We store cookies on your device to make sure we give you the best experience on this website. I'm fine with this - Turn cookies off
Switch to an accessible version of this website which is easier to read. (requires cookies)

The Death of Hong Kong’s Freedoms

February 28, 2017 10:34 AM
By Esther Lam in Lib Dem Voice on 27 Feb

HK yellow ribbonThe Liberal Democrat peer Baroness Falkner chaired a discussion on 8th February on the demise of Hong Kong's political freedoms since the transfer of its sovereignty to China. The event was organised by the Henry Jackson Society at the Palace of Westminster.

The speakers were Joshua Wong (a Hong Kong student and co-founder of the political party Demosisto), Angela Gui (daughter of detained publisher Gui Minhai) and Benedict Rogers (Deputy Chairman of the Conservative Party Human Rights Commission).

2017 marks the 20th anniversary of Hong Kong's return to Chinese rule. The freedoms for Hong Kong citizens, guaranteed under the Sino-British Joint Declaration, have been increasingly undermined, with additional concerns now being raised about the abduction of individuals who are not Chinese citizens and which are taking place beyond Chinese borders.

Gui's father holds only Swedish citizenship but was kidnapped by the Chinese authorities from his holiday home in Thailand in October 2015 after his part in the publication of books critical about Beijing's leaders.

Gui stated that the kidnapping of foreign citizens from foreign territories points to the development of an imperial aspect of Chinese foreign policy where the Chinese government deems Chinese ethnicity, rather than Chinese citizenship, as the source of its authority over certain individuals.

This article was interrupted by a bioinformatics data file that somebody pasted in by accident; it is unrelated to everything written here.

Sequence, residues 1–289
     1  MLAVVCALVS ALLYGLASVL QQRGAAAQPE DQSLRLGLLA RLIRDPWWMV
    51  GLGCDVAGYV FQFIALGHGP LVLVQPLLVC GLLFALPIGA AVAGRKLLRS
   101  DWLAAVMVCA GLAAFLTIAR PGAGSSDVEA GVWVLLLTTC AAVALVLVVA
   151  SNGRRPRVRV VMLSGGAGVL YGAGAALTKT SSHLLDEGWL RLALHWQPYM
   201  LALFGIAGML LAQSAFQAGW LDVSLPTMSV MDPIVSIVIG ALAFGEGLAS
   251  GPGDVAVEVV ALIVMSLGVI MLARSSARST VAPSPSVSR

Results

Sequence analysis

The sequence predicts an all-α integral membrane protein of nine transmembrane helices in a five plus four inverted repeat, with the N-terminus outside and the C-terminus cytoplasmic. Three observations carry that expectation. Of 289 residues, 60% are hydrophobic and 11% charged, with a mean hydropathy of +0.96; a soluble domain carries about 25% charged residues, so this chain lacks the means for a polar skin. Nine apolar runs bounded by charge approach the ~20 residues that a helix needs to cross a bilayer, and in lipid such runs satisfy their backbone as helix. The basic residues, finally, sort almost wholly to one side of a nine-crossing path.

Wong urged the international community to keep a watchful eye on China, stating that Beijing's emphasis on 'prosperity and stability has in reality meant the erosion of political freedoms'.

He also stated that 'it was not easy to fight for democracy in Hong Kong when others [were] more interested in business interests' and that they would 'continue to fight until we have it back'.

Rogers argued that the UK was not living up to its responsibilities as outlined in the Joint Declaration and that the UK has 'a right and an obligation to keep checking if China is keeping its side of the bargain'.

The Sino-British Joint Declaration outlined the 'one country, two systems' principle in which the Chinese government promised to uphold fundamental rights including freedom of speech, freedom of press, judicial autonomy and protection from unlawful detention for a period of 50 years beginning from 1997.

However, since 2002 Hong Kong has dropped from 12th to 70th place in the World Press Freedom Index. To date at least five Hong Kong booksellers have disappeared, believed to have been kidnapped, by Chinese agents for selling or printing books critical of Chinese leaders. In 2016 pro-democracy activists, including Wong, were found guilty of unlawful assembly following their roles in the 2014 Umbrella Movement; a verdict which Amnesty International said was a 'chilling warning for freedom of expression and peaceful assembly' in Hong Kong.

Esther Lam